Cool, wet weather in the winter of 2016-17 ended Oregon's long drought and left a thick snowpack at higher elevations which will take some time to melt. However, in the summer of 2017 a series of heatwaves and a prolonged stretch of dry weather created conditions that dried forest fuels, allowing fires to start and spread. The result was more than a thousand fires on lands protected by the Oregon Department of Forestry.Ninety-five percent of these were put out at less than 10 acres.






What we do

Protection jurisdiction

The Oregon Dept. of Forestry protects 16 million acres of private and public forestlands from wildfire. This includes all private forestlands in Oregon as well as state and local government-owned forests, along with 2.8 million acres of federal Bureau of Land Management lands in the western part of the state. In total there are about 30.4 million acres of forest in Oregon.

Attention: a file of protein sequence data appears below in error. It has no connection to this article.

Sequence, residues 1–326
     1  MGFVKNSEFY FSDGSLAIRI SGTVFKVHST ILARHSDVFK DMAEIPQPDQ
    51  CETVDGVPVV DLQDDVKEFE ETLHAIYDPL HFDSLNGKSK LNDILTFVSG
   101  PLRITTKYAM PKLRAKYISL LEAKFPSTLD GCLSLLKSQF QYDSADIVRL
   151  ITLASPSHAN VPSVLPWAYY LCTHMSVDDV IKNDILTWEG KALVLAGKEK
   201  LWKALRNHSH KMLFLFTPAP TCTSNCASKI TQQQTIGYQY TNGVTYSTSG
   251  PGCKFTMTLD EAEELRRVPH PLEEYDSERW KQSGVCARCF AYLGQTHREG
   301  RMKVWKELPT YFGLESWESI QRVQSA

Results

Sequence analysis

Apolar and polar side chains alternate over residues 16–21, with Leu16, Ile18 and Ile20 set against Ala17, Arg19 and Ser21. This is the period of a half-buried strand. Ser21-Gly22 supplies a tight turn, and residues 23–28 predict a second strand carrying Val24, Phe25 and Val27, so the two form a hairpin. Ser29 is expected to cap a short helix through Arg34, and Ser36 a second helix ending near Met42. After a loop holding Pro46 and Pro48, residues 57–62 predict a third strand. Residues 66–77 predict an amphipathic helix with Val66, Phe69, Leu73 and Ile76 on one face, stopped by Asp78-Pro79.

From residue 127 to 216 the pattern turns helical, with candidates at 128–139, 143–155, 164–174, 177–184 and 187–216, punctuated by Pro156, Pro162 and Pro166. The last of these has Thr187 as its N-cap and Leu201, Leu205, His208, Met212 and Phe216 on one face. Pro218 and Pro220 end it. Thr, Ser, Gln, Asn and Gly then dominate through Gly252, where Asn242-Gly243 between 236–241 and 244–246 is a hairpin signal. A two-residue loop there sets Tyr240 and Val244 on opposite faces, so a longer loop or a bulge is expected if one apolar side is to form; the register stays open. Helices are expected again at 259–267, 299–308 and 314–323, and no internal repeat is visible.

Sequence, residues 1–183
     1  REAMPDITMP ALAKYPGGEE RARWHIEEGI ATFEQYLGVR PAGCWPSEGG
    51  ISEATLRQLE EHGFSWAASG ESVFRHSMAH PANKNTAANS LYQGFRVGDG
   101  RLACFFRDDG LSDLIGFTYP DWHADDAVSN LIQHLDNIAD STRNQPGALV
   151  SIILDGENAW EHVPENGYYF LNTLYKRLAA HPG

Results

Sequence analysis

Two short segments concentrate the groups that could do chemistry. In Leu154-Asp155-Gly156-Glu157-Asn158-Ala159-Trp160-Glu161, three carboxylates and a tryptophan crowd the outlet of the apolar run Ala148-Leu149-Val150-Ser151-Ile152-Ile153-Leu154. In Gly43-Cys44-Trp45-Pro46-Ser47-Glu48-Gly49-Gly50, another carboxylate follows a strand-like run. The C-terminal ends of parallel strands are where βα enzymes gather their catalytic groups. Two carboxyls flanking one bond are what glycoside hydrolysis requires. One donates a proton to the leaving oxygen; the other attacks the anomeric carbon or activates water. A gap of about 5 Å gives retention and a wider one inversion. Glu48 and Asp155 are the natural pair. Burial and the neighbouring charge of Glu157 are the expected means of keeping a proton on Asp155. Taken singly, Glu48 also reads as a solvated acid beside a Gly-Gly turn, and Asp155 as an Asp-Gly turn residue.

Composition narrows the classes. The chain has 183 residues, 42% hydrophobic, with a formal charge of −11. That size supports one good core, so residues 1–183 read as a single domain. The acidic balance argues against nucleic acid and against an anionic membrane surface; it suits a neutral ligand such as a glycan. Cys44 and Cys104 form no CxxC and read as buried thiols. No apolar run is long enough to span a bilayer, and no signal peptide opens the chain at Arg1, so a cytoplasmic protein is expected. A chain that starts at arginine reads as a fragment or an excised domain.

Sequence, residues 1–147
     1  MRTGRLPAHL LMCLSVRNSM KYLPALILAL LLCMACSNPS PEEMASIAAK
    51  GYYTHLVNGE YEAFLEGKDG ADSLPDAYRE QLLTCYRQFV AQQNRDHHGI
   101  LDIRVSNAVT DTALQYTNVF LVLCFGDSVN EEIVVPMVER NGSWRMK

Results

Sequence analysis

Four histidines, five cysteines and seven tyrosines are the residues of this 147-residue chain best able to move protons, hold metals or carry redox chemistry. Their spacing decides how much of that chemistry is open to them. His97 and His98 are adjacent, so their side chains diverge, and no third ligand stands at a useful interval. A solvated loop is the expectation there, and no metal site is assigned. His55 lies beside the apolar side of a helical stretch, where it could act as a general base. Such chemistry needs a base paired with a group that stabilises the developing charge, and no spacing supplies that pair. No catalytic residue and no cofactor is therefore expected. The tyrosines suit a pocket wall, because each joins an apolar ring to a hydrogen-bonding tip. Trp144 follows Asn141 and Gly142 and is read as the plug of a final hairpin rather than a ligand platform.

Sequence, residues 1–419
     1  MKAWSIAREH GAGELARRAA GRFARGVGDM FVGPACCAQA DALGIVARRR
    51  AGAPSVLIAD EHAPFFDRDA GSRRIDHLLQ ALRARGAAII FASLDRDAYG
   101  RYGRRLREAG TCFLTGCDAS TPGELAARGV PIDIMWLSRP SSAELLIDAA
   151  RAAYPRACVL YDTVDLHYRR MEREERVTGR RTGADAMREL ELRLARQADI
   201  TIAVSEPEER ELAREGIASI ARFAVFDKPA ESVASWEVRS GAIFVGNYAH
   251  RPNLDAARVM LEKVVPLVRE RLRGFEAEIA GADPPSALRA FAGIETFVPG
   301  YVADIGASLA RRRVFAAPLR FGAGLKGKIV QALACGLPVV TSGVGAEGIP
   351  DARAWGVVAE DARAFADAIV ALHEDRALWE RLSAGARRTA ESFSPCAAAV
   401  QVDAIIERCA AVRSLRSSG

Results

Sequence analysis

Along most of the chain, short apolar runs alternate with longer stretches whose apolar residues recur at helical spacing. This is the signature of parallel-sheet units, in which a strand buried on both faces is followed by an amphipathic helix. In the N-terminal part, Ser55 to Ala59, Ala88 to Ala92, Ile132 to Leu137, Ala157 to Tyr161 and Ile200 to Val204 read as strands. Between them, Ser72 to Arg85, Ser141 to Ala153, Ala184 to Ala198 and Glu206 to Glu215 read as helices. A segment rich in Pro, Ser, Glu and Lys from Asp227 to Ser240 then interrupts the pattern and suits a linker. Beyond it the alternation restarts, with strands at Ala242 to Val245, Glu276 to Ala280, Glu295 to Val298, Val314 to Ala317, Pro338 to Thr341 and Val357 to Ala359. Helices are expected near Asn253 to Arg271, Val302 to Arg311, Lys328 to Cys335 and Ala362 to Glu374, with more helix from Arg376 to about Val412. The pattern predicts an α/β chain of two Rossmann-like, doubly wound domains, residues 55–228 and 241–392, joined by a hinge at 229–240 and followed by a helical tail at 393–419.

Fire suppression policy

The department fights fire aggressively, seeking to put out most fires at 10 acres or smaller. This approach minimizes damage to the timber resource and fish and wildlife habitat, and protects lives and property. It also saves money. While suppressing large fires can cost millions of dollars, economic and environmental damage from wildfires can be many times greater.





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About Me

My photo
Oregon Dept. of Forestry's public information officers in Salem, Ore., maintain this blog. During the wildfire season, we spend much of our time reporting on fires and firefighting to news media and the public.